Until the middle of XX century, opanci (or peasant shoes) were the basic footwear for the majority of people living in villages of Serbia. Leather, light, shallow footwear, flat or groved shape and rigging or straps used for tying the shoe. From this basic form, a piece of leather size and shape of a foot, which in the past satisfied peopleâ€™s elementary need of protecting their feet, through centruries several types of opanci were developed on the territory of Serbia.
Depending on the type of leather used and the manufacturing style, there were:
Presni opanci or homemade freshly cut paesant shoes made of untanned hide; crvenjaÅ¡i – red leather shoes or â€˜redsâ€™ made of half-tanned hide, manufactured with a sole; and opanci kapiÄari made of tanned leather in shoemaking workshops across Serbia.
Presni opanci were made of raw, salted and sundried cow, pig, goat or buffalo skins. They were manufactured according to the shape and size of a foot and then by straps slid through the loops which were along the edges, the shape of the shoe was formed and the shoe was fixed to the foot. There are two kinds of opanak on the territory of Serbia: preÅ¡njaci and vrnÄani. As opposed to the preÅ¡njaci, which are shallow and only partially cover the upper part of the foot, vrnÄani opanci are made of vrnÄanica â€“ straps which allowed the shoes to be shallow or deep, decorated or without any decorations.
Presni opanci were usually worn by cattlemen in mountainous areas of Dinaric Alps and central Balkan. This type of peasant shoes originated from the earliest times of human civilization and lasted through the middle and new ages, worn in the areas from far North (Estonia) to the far South (Greece) of European continent. On Balkan Peninsula this simple footwear was worn as working footwear until the first half of XX century.
Common names for opanci made of raw leather are: prijesni, presni, preÅ¡njaci, sirovari, Å¡ivaÄ‡i or krtice.
CrvenjaÅ¡i (red ones) got their name after the colour of the half tanned cow skin from which they are made. They were similar in looks to vrnÄani opanci, but stronger and better. They were first manufactured in UÅ¾ice in mid XIX century. UÅ¾ice became a center from which manufacture of opanci spread to other parts of Serbia.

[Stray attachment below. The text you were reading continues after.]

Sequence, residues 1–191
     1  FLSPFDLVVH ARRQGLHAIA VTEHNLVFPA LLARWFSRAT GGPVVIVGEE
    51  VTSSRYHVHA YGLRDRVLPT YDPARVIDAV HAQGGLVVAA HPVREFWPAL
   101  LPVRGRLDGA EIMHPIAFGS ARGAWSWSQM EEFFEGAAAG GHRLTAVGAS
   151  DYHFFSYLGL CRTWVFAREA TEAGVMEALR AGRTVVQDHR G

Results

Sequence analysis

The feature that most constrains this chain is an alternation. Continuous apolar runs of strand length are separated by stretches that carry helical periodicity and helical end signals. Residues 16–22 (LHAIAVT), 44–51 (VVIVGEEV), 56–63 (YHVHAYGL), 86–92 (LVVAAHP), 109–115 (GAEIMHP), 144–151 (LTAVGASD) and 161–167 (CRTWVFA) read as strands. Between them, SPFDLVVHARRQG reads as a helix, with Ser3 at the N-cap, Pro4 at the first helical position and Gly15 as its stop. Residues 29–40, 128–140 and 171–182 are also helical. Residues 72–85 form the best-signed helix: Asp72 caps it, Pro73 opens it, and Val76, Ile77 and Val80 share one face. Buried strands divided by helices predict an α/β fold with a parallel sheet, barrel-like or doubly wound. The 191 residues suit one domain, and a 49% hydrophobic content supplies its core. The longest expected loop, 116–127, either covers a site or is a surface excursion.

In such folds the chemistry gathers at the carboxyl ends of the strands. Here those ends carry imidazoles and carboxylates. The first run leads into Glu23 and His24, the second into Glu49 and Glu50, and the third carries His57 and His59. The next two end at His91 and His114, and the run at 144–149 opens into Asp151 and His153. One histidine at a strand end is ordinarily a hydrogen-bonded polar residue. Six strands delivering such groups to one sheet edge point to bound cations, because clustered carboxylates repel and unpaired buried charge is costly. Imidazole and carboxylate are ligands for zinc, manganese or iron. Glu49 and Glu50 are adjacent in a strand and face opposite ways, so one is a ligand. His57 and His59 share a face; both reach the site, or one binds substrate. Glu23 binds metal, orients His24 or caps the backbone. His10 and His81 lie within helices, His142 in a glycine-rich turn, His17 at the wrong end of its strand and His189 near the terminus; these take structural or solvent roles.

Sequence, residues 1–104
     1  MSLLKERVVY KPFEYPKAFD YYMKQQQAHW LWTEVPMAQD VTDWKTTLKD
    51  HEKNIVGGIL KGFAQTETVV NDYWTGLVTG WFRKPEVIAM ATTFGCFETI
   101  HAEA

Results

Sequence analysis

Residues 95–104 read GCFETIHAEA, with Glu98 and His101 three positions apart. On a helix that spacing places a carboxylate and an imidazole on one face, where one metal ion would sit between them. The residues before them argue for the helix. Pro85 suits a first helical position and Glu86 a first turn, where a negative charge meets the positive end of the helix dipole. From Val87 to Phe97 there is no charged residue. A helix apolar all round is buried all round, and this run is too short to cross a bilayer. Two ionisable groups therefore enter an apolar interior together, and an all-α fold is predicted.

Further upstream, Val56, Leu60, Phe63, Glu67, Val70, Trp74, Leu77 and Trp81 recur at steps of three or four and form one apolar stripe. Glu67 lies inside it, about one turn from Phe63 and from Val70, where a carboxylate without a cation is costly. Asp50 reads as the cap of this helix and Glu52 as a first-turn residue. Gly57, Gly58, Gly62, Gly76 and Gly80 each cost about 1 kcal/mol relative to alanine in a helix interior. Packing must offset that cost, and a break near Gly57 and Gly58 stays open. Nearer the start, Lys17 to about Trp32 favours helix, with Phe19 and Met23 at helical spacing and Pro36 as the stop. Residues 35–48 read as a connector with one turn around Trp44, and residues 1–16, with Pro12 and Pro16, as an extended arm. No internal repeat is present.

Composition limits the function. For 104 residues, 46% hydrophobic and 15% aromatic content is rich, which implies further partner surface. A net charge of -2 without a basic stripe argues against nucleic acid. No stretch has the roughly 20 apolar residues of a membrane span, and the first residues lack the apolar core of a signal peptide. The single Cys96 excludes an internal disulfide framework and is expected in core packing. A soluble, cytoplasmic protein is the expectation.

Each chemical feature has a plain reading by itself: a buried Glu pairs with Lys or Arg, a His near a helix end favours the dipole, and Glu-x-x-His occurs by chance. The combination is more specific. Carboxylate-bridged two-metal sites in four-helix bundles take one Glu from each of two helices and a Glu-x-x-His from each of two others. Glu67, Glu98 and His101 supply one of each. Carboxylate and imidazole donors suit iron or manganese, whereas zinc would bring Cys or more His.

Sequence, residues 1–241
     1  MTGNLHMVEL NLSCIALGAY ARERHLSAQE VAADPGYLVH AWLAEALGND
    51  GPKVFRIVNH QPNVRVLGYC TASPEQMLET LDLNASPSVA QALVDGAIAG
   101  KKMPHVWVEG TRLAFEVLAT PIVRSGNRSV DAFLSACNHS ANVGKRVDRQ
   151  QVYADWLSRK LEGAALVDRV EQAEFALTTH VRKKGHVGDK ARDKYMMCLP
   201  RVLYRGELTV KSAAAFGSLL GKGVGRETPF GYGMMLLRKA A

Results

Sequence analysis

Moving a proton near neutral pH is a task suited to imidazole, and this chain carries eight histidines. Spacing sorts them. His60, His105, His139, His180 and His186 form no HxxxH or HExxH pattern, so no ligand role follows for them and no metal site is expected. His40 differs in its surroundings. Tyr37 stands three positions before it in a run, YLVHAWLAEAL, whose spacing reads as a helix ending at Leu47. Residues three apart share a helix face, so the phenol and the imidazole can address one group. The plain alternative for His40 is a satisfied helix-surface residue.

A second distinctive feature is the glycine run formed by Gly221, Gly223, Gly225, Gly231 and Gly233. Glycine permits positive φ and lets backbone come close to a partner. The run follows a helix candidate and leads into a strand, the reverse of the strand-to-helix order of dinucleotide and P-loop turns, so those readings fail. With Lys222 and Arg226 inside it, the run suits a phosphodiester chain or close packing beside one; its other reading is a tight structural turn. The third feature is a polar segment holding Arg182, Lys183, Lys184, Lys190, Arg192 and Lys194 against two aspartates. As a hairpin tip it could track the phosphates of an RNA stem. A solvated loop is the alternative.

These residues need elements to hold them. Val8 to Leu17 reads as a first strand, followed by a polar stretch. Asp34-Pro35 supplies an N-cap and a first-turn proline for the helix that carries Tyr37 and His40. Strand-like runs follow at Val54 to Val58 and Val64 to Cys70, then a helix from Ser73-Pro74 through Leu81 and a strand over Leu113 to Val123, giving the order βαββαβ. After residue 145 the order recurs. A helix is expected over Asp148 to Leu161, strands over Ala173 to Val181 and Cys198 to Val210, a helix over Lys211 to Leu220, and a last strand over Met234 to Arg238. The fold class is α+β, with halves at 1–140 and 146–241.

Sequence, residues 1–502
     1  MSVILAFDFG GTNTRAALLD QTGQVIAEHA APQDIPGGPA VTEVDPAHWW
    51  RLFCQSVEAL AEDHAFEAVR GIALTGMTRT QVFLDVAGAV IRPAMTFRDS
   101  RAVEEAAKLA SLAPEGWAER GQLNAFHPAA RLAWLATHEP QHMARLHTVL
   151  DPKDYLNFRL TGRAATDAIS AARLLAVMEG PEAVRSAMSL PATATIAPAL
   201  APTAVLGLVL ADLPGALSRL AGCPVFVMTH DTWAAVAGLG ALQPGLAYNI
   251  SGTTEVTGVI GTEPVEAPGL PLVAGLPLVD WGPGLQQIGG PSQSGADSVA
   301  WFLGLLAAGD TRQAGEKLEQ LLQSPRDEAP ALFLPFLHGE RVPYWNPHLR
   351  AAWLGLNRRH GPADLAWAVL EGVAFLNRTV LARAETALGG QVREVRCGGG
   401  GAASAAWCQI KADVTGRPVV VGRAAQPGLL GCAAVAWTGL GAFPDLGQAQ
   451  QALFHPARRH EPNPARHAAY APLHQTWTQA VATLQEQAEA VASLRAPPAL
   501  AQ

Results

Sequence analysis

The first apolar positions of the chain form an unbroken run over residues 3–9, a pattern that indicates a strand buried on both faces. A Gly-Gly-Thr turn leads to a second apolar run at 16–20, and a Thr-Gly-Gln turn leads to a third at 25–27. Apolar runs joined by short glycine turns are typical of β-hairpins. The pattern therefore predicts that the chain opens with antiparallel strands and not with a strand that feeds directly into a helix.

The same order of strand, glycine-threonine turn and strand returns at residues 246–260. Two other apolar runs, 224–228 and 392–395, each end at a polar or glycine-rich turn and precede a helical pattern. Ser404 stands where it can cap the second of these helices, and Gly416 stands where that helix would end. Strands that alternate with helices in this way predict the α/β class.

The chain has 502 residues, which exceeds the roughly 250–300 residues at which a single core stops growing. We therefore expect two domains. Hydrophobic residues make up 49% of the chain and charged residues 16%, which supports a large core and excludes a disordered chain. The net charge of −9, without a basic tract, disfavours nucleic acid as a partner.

Opanci kapiÄari consist of a sole, body, a piece of strap behind a heel, and a tying strap. One piece of leather covers the top of a foot and that is how they got their name (derived from a Serbian word which means â€˜a capâ€™). They were manufactured and worn mostly in Pannonia plains, and areas around Sava and Danube rivers. They are also known as banatski, preÄanski, Å¡vapski, lubaÅ¡i and capped opanci. They were an integral part of modern traditional Panonian clothing, and are considered an element of European and Panonian Serbsâ€™ culture.
DjonaÅ¡i or built opanci were made of tanned cow skin. They consist of a sole, body, peak and a binding strap. Body is woven of thinly cut straps of soft leather. It depended on their positioning if the opanak will be simple, half-capped or capped. On a simple opanak the weaving was down the middle and along the edges of the shoe, and on a capped one along the whole width. Most commonly worn were the simple ones.
The peak is the most prominent and recognizable part of a built opanak.
It was made of a fold resulting from shaping the sole, and it became its key decoration. Opanci differ according to the shape, size and the way in which the peak is folded. It is a rule that womenâ€™s opanak has a smaller peak or no peak at all, as is the case with East Serbian opanak.
Numerous local names for built opanci are a proof of their general acceptance among the Serbian population. Opanci usually got their names after the areas in which they were manufactured or according to some of their characteristics. Opanci worn in Serbia are Å¡abaÄki, valjevski, uÅ¾iÄki, Å¡umadijski, kosmajski, keÄerski, kolubarski and moravski, but also noske (snouts), mrki (brown ones), kilaÅ¡i (kilo ones), Å¡iljkani (peaked ones), kukiÄari (hooked ones).
Built opanak was being made in Serbian workshops from the second half of XIX century. They were initialy worn in special occasions. Later, giving way to modern factory made footwear, they became mostly working footwear.
In Western parts of Serbia built opanci were more popular, and in East Serbia presni opanci.
Vera Å arac-MomÄoloviÄ‡,
senior curator of the Ethnographic Museum in Belgrade.
Magazine â€œFOLKLORâ€œ, No. 010, pg. 23
Posted with the permission of the editorial board
This article originally appeared at Svevlad.Â It was translated for Meet the Slavs by Meet the Slavs Team.